By Barbara Comito, Director of Marketing and Communications
2015 was a rough year for me and my family. My husband lost his job of 16 years due to a lawsuit and bankruptcy at the company where he worked. Subsequently, he was unemployed for five months and eventually took a job he didn’t love and for which he was overqualified. It was hard. An amazing chef with over 30 years of experience in the kitchen, this was not what was supposed to happen. He’s 56. I’m 55. We’re supposed to be thinking about retirement, not starting over.
This was also my first year in a new job. I had been the UGM staff writer for seven years before I was promoted to director of marketing and communications. I was stre-e-e-tched and challenged in ways that were not always welcome.
One of my sons, who had what actually seemed like a plausible Olympic dream (he’s a discus thrower), pulled a muscle in his throwing arm and then fell ill to a mysterious chronic fatigue. After months of doctor’s appointments and lab tests, no one has been able to pinpoint the cause.
Finally, my youngest daughter, who was so excited for her freshman year in college, ended up with roommates who drank and smoked pot and threw wild parties in their shared space. She was miserable.
I’d love to say 2016 was off to a much better start, but unfortunately, it’s not. So, when I heard this song on the radio this morning, it got my attention.
“When you don’t move the mountains I’m needing you to move, when you don’t part the waters I wish I could walk through, when you don’t give the answers as I cry out to you, I will trust. I will trust in you.” (“Trust in you” by Lauren Daigle)
God isn’t moving my mountains. He is not parting the sea in front of me. And I have been crying out for months now. I love my husband. I believe he is incredibly talented, and I honestly do not know anyone who works harder, is more creative or cares more than he does. So why isn’t God answering? Where is he?
I know well that I am not alone in my struggles or my questions. Good friends have lost their husbands in the past year or gone through divorce. The elderly parents of my friends are showing signs of senility and moving in with them. Friends’ children are in addiction.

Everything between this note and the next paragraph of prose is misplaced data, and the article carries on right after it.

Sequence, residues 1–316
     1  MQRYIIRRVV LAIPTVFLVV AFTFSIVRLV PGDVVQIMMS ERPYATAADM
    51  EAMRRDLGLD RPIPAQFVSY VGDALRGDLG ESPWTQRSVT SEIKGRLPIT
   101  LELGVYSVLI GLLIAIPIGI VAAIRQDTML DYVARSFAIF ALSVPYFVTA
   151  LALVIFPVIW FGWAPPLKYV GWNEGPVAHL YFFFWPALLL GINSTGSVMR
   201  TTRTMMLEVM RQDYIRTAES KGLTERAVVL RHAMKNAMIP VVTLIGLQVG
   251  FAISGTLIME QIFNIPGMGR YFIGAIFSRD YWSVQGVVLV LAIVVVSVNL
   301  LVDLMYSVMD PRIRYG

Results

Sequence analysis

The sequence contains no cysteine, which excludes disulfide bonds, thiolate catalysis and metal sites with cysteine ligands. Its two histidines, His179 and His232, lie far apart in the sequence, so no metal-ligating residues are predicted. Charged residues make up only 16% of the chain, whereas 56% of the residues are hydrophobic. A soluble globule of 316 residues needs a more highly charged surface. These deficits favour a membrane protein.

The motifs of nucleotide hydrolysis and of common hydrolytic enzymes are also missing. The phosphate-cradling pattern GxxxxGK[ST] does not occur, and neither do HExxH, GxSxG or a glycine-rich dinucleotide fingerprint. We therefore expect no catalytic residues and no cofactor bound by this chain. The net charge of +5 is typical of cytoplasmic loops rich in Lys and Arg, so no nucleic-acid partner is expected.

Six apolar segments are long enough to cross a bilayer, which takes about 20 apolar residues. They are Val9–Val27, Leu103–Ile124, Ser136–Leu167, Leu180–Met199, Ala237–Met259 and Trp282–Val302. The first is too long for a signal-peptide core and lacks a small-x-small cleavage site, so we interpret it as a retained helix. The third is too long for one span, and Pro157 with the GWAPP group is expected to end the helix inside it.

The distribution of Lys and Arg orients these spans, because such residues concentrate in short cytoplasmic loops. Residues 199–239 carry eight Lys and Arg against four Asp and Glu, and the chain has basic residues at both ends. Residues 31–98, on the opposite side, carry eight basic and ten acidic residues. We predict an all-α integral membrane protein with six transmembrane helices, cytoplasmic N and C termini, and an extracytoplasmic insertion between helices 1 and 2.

I don’t know if misery really loves company, but it is certainly helpful to have friends who see the world as a place where suffering exists and who don’t blame you for being smack dab in the midst of it.
The psalmist is a good friend in that respect. Take a look at Psalm 42: “Day and night I have only tears for food…My heart is breaking…I am deeply discouraged.”
But the thing I love about Psalm 42 is its mix of honest despair and clinging to God. The psalmist, acknowledging a heavy, downcast soul, resolves to remember: “These things I will remember as I pour out my soul…I will remember you from the land of the Jordan…I will yet praise him.”
Resolving to Remember
I am terribly forgetful. Ask my children. They will happily offer up endless examples. Here’s the most recent one. I heard Lauren Daigle’s song as I pulled into the parking lot for work this morning, but by the time I got to my desk, I could not remember her name, the name of the song or any of the specific lyrics.
I can literally re-watch a movie a year later as though I’ve never seen it before, so when I chose “remember” as my word for 2016, I knew it was going to take intentionality on my part.
I don’t think I’m overstating the case when I say my life literally depends on remembering. Maybe not my physical life, but my emotional life, my spiritual life? Most definitely.
Here’s what I need to remember:
- God is good. Jeremiah wrote the following as Jerusalem was being destroyed: “This I recall to mind [remember] and therefore I have hope. The Lord’s lovingkindnesses never cease. His compassions never fail. They are new every morning.” (Lamentations 3:21-22) Life is hard, but God is good.